2010 NHL Playoffs: Pittsburgh Penguins' Road to the Finals, Version 3.0
The Penguins had played abysmal against both teams throughout the regular season, giving many people, including myself, reason to doubt their chances of returning to the Promised Land.
However, after the first round of the 2010 Stanley Cup Playoffs, the Penguins are the highest remaining seed in the Eastern Conference with the Devils and the Capitals both falling victim to early upsets.
With all due respect to the Canadiens, Bruins, and Flyers, I'm going to make a not-so-bold prediction before the second round begins: the Pittsburgh Penguins will make the Stanley Cup Finals for a third consecutive year.
Let's take a look at how the Pens match-up with each of the three remaining teams in the Eastern Conference:
After defeating the number one seed Washington Capitals, the Canadiens look to continue their Cinderella run by knocking off the defending champs.
Montreal goaltender Jaroslav Halák has been the story of the playoffs thus far.
After backing up Carey Price in Game Four, Halák came back in Games Five, Six, and Seven and allowed just three goals on 134 shots against the highest scoring team in the NHL--that's a .978 save percentage.
The big question coming into the Pens-Habs series is if Halák can continue this streak. If he can, the Canadiens have a legitimate shot at upsetting the Pens.
But I don't think he will.
If the Canadiens plan on getting out-shot as badly as they did in their opening series against the Capitals, with the same successful result, they are in for a rude awakening.
Where the Capitals relied too heavily on their top guns to carry the load, the Penguins have a handful of role players capable of stepping up at any given time, as seen in Matt Cooke and Pascal Dupuis's performance in Game Six of the Ottawa-Pittsburgh series. The Pens will get plenty of traffic in front of Halák all series long, which the Capitals failed to do.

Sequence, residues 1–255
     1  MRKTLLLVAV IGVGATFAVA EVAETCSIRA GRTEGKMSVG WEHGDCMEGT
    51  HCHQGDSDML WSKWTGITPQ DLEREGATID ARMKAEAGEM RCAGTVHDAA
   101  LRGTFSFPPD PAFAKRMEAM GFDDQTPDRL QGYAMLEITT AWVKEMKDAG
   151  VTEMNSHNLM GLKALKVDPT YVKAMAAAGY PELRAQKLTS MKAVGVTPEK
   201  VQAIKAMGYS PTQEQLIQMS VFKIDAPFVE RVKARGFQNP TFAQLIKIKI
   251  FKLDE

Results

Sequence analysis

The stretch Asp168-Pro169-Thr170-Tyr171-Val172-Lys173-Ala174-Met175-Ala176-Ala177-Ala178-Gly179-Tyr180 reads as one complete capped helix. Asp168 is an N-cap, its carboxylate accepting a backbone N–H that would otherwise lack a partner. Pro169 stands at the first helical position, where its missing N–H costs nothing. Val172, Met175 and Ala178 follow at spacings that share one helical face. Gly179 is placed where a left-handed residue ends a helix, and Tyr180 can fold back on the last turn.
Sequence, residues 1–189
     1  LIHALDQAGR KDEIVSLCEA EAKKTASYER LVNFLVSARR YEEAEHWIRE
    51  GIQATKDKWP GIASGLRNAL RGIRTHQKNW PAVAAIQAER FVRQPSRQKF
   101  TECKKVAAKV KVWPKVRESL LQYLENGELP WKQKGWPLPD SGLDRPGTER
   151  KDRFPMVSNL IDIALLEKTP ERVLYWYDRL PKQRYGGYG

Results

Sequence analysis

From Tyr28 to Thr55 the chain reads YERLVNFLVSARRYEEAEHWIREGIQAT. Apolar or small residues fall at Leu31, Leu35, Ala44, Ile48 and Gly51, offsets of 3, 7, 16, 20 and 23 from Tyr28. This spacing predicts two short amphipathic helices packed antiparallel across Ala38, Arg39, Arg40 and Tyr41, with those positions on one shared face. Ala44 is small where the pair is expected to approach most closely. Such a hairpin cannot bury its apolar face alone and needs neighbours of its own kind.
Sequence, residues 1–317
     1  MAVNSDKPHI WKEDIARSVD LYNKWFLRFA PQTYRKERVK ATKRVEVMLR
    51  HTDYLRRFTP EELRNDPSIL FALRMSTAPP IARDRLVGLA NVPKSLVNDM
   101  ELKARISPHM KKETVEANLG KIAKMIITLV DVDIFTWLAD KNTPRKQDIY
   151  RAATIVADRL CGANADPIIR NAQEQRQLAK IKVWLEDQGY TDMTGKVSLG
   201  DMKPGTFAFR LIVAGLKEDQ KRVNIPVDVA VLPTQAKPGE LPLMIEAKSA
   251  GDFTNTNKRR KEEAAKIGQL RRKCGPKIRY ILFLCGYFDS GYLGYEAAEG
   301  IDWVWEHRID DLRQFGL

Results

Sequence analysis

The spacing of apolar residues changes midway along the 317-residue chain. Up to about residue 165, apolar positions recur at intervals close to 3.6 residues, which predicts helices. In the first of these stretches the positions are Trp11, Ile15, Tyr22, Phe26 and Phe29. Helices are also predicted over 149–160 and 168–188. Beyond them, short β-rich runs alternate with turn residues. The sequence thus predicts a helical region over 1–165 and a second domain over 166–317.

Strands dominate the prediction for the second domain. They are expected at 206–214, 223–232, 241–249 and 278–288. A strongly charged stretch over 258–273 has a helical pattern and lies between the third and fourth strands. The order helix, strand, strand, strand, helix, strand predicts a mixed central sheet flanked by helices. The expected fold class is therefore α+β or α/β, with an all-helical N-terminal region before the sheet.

It will be an entertaining, fast-paced series, but the Penguins will prevail to the Eastern Conference Finals.
Prediction: Penguins will win in six games.
The Flyers had one big question entering their series with the New Jersey Devils—goaltending.
While Brian Boucher has certainly answered any and all questions after his stellar first round performance, new questions have arisen thanks to a depleted Philadelphia lineup.
The injuries that litter Philadelphia's lineup have me seriously doubting their chances of defeating Boston. And even if they advance to the Conference Finals, their chances of beating Pittsburgh would be minuscule.
Anything could happen in a rivalry such as the one between Pittsburgh and Philadelphia. But if the Penguins are to meet the Flyers in the Eastern Conference Finals, I don't believe Philadelphia has near the firepower necessary to keep up with Pittsburgh given the injuries to Carter, Gagne, and Laperriere.
Prediction: Penguins would win in five games.
Of the three remaining teams in the Eastern Conference, the Boston Bruins present the toughest matchup for the Penguins.
While Brian Boucher and Jaroslav Halák have been great, Tuukka Rask is the best goalie remaining in the Eastern Conference (not including Marc-Andre Fleury).
Combine Rask's play, the potential of Zdeno Chara containing Sidney Crosby, and the intensity that would accompany a Boston-Pittsburgh playoff series after the Matt Cooke hit on Marc Savard earlier this season, and the Bruins would have a serious chance of upsetting the Penguins.
That being said, the Penguins aren't the Sabres and would be able to out-score the Bruins if need be.
This series would be intense and extremely physical, but the Penguins would prevail.
Prediction: Penguins would win in six games.
Not to sound too over-confident, but the results of the first round have paved the path for the Pittsburgh Penguins to make a third straight appearance in the Stanley Cup Finals.
The last team to accomplish this feat, you ask?
The Edmonton Oilers, who made it to the finals in three straight seasons from 1982-1985.
For the Pittsburgh Penguins to accomplish such a feat with a roster full of young players would be extremely impressive—and they will.
Not one of the three remaining teams in the Eastern Conference has the capabilities to stop the Penguins from doing so.
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